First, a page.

Kelvin Graddick ·
2 minute read ·
I’ve been developing websites for companies/businesses/clients for a number of years now, and here’s the biggest lesson
CLIENTS DON’T TYPICALLY CARE HOW WELL YOU CAN CODE OR THE EXACT TECH YOU KNOW;
THEY CARE ABOUT THE RESULTS!
It is very important to choose the right development approach for the job!
Here are my main two approaches
and why I’d choose one over the other…
Website Builders / Content Management Systems (CMS)
ℹ️ Powerful tools, themes, and pre-made backends for building websites fast
Examples: WordPress, Weebly, Squarespace, Wix
- Contains pre-made themes and backend systems; allows you to focus more on the pages/content
- Often drag-and-drop interface for building the pages/UI; little to no code
- Database storage and retrieval already setup
- Plug-ins; easy ways to extend functionality
- Admin panel is available so that the customer can edit the site on their own
- Con: Less flexibility; the tools often don’t allow for much deep customization outside of what they initially offer
- Con: Unique business logic is harder to implement
I’d choose this option for static or simple sites
with only common use cases (home page, about page, contact page, etc.)
I can create the site fast and still provide a top-notch design
(if the client is willing to start from a theme)
No need to reinvent the wheel and take weeks/months to build what can be done with a tool and get the same or better result.
Are you really going to build your own admin console for the client?
(Don’t; trust me, I’ve done it)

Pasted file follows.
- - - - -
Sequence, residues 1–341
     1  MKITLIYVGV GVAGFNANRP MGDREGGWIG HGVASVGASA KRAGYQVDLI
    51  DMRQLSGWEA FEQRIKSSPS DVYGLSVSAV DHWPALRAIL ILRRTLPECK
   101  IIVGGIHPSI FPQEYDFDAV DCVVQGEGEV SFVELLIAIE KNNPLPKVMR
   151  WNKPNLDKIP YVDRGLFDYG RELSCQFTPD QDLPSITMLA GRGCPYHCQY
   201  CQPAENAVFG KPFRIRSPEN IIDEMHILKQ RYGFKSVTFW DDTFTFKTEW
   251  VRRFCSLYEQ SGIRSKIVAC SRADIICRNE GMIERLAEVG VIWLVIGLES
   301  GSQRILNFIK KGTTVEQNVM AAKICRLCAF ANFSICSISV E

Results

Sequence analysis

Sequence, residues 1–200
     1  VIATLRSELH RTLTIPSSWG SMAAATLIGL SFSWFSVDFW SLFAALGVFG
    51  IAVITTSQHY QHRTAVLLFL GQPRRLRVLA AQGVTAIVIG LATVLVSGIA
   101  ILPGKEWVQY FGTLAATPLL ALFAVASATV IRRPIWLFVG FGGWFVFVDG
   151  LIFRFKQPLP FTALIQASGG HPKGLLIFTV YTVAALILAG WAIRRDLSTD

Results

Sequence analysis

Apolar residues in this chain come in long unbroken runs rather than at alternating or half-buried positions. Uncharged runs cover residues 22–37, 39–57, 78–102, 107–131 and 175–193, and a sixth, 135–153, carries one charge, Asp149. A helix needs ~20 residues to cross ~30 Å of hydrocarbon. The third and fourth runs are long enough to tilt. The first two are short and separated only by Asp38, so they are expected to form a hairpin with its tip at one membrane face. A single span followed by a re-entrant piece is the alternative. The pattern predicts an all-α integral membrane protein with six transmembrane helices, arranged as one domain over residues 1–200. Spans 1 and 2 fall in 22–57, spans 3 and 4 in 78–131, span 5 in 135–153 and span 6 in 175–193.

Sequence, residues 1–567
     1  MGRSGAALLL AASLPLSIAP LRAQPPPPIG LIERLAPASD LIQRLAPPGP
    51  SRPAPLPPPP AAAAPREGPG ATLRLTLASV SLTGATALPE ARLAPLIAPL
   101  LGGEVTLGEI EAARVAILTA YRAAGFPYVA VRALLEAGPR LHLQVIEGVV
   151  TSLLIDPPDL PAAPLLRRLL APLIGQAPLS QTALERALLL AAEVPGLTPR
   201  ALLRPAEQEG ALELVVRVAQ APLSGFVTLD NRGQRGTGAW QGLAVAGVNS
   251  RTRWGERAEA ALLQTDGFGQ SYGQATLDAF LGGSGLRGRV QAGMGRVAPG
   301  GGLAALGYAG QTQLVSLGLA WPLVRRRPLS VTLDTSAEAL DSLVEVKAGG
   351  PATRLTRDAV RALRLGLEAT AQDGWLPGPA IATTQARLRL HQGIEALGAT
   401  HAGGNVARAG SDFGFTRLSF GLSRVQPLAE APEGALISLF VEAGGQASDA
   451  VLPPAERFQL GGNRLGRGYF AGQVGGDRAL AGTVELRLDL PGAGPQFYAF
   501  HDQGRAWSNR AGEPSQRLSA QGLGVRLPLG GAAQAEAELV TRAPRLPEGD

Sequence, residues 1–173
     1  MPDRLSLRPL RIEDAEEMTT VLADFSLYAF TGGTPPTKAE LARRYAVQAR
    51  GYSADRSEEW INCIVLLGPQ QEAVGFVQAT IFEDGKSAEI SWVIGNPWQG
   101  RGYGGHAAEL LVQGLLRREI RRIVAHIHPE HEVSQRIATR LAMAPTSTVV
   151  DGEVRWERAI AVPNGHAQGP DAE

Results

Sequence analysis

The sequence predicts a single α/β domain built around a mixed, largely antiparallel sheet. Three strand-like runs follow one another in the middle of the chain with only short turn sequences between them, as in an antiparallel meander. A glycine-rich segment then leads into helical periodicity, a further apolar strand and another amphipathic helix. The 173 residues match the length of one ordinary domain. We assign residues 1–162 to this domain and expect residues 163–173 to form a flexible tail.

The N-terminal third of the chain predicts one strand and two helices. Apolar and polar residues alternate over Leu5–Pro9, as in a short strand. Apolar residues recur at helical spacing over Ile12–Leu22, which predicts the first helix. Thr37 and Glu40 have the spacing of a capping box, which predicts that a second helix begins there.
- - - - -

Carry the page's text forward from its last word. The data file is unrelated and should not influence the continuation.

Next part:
Fully custom website and web app development
ℹ️ Build the site from scratch
, using a framework, development tools, etc.
Examples: pure HTML/CSS/HTML, React, Vue.js, MySQL/Mongo database, Node/.Net API
- Can develop a fully custom UI that matches the clients designs
- Can implement the specific business logic that the client needs (i.e. storing/loading specific data)
- Develop interactive UIs that contain state and can actively change based on the state
- Develop single page apps (SPAs) like social media sites, service dashboards, etc.
- Cons: requires more technical logic and can take longer to develop
- Cons: if you are not strong in design if may not look as good as pre-made templates that a CMS has
I’d choose this option for dynamic websites
and web apps that have logic specific to the business/client.
Websites that require a lot of UI interaction
and state for the user.
A “Headless” CMS
can still be used to get the benefits of a pre-built back-end
⁉️ Any other opinions? How do you guys choose which option to choose when developing websites / web apps?